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In 1965, Rudy, a Midwestern high-school kid, moves to Albuquerque; lonely and friendless, he's attracted to Kit, slightly older, with a car, his own apartment, and spending money. Kit loves Elvis and loves the ladies; plus, he's a complete phony: his tan is fake, he wears lifts, he lies to girls, and he pretends to care about Rudy. Kit also shares a dark secret with two other devoted followers, Jimmy and Martha. He meets his match in Kirsten, a spoiled rich girl who gives as good as she gets. When she and a younger cousin disappear, Rudy must choose between loneliness and the law. Written by
Off-beat black comedy like no other. (minor spoilers)
I have always assumed that movies like Dead Beat, Cry Baby, But I'm a Cheerleader, Psycho Beach Party, etc. were part of the teen pulp genre mocking much of the exaggerations of the 1950s rebel without a cause or teenage confidential kind of films. And, usually, the story entails not only probing satire, but also murder. In the case of Dead Beat, it is taken to a point that suddenly, this already-bizarre black comedy becomes even more eerie. There are much fewer moments of true hilarious stupidity like you might find in something like Psycho Beach Party, and so potential viewers should already expect Dead Beat to be much weirder and far more off-beat, especially considering the story and some very eerily annoying characters. Then again, it's based on the story of Charles Shmid (see the film trivia).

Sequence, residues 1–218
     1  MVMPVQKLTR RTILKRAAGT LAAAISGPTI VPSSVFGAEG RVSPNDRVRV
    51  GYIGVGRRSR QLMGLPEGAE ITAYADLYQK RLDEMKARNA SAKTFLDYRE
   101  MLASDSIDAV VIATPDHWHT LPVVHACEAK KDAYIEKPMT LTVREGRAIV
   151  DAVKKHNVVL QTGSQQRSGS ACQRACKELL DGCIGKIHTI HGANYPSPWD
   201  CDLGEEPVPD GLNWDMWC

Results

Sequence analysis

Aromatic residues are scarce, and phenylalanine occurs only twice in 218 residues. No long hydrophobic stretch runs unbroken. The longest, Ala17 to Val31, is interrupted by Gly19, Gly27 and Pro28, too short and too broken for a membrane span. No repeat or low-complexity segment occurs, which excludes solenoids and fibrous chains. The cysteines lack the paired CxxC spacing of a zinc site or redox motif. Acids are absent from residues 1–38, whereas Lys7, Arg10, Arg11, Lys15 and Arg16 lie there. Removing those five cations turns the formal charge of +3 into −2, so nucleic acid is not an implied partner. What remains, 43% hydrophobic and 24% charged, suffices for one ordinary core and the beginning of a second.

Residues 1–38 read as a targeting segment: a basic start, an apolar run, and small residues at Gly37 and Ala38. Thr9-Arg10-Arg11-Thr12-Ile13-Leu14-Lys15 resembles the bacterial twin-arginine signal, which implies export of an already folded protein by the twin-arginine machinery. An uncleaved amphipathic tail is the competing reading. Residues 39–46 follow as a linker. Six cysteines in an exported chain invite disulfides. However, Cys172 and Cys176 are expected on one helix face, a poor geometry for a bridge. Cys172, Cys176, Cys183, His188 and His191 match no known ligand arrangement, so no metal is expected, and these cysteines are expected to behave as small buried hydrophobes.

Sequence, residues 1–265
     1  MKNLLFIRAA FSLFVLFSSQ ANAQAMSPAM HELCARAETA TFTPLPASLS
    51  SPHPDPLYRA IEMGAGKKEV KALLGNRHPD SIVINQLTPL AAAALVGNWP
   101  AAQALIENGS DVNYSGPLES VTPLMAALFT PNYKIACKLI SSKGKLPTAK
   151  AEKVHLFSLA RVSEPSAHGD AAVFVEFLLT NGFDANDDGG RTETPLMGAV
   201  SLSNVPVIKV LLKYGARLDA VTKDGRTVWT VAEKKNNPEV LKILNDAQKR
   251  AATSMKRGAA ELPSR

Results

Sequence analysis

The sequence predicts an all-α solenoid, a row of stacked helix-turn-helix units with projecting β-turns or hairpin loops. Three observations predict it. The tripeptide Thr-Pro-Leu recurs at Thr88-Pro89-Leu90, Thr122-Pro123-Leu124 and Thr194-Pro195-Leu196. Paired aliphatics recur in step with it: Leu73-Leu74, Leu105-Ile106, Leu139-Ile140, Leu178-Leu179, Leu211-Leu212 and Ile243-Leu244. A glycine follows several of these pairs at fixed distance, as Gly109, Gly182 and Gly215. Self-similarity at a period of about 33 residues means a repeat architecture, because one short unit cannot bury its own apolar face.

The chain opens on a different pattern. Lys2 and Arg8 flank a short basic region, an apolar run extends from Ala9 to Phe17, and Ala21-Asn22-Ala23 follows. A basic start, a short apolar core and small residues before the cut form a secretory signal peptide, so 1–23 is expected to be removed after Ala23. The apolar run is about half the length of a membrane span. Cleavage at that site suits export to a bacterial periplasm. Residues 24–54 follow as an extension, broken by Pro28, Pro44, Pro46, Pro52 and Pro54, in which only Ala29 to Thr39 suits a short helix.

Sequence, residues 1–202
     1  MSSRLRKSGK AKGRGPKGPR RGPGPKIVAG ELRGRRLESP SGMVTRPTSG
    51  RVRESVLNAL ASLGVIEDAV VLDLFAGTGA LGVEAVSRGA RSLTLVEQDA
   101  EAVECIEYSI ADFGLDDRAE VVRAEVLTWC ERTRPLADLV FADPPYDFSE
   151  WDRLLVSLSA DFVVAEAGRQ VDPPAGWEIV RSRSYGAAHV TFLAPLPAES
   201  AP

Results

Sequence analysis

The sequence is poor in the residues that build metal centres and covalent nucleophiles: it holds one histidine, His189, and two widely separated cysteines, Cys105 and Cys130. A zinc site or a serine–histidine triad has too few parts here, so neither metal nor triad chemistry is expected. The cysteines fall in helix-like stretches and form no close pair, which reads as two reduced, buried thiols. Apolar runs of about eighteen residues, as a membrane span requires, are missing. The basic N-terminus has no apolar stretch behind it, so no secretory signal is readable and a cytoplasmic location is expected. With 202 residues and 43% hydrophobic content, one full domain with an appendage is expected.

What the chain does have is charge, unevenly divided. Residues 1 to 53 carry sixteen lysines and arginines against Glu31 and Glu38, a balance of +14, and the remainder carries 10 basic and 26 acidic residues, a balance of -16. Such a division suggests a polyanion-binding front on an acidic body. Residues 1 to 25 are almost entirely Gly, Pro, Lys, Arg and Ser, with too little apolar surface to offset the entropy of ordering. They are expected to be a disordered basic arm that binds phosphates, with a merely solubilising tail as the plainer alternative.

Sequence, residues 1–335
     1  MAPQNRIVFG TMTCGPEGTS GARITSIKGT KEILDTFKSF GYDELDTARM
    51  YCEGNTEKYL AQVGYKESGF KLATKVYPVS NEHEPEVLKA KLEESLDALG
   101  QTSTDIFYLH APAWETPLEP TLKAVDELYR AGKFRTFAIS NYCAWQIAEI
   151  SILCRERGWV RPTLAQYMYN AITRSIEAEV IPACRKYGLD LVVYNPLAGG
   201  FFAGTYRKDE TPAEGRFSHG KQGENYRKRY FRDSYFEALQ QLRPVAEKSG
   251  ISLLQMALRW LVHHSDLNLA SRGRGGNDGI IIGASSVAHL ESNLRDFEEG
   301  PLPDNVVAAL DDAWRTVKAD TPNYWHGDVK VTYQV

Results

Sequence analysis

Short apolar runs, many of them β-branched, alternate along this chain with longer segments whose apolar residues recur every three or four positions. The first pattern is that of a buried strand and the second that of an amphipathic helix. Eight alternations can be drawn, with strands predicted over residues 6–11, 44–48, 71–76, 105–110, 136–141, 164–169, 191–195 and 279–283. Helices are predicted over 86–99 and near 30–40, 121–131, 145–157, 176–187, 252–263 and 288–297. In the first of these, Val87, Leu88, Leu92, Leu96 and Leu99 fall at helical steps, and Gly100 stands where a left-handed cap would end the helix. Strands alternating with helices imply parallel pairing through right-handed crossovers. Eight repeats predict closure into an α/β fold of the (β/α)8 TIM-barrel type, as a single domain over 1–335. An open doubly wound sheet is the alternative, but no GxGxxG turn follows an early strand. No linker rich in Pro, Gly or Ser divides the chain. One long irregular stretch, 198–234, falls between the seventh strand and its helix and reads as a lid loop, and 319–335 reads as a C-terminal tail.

Set in a small town in the New Mexico desert, Rudy (Balthazar Getty) is new in town after his mother's transfer (for asthmatic reasons). Life is pretty boring there until he befriends the town Casanova, Kit (Bruce Ramsay who eerily resembles Richard Grieco) who seems to have it all: his own place, a hefty allowance, leisurely employment, and any girl he wants. But basically everything about Kit is a facade, and you can never be too sure if you can believe the things he says and does. The shaky charade entertains us for the first half of the movie as Rudy narrates Kit's assorted adventures with the neighborhood girls. And then things become seriously strange when Kirsten Beidermier (Natasha Gregson Wagner) enters the picture. Kit picks up with her, I suppose momentarily he falls in love with her, and little by little, she begins to destroy the perfection of Kit's facade, and that of course, leads to big trouble for all.
Dead Beat is an offbeat black comedy for sure, but one that fans of the revivalist pulp genre, and all it's cult favorites therein, may enjoy.
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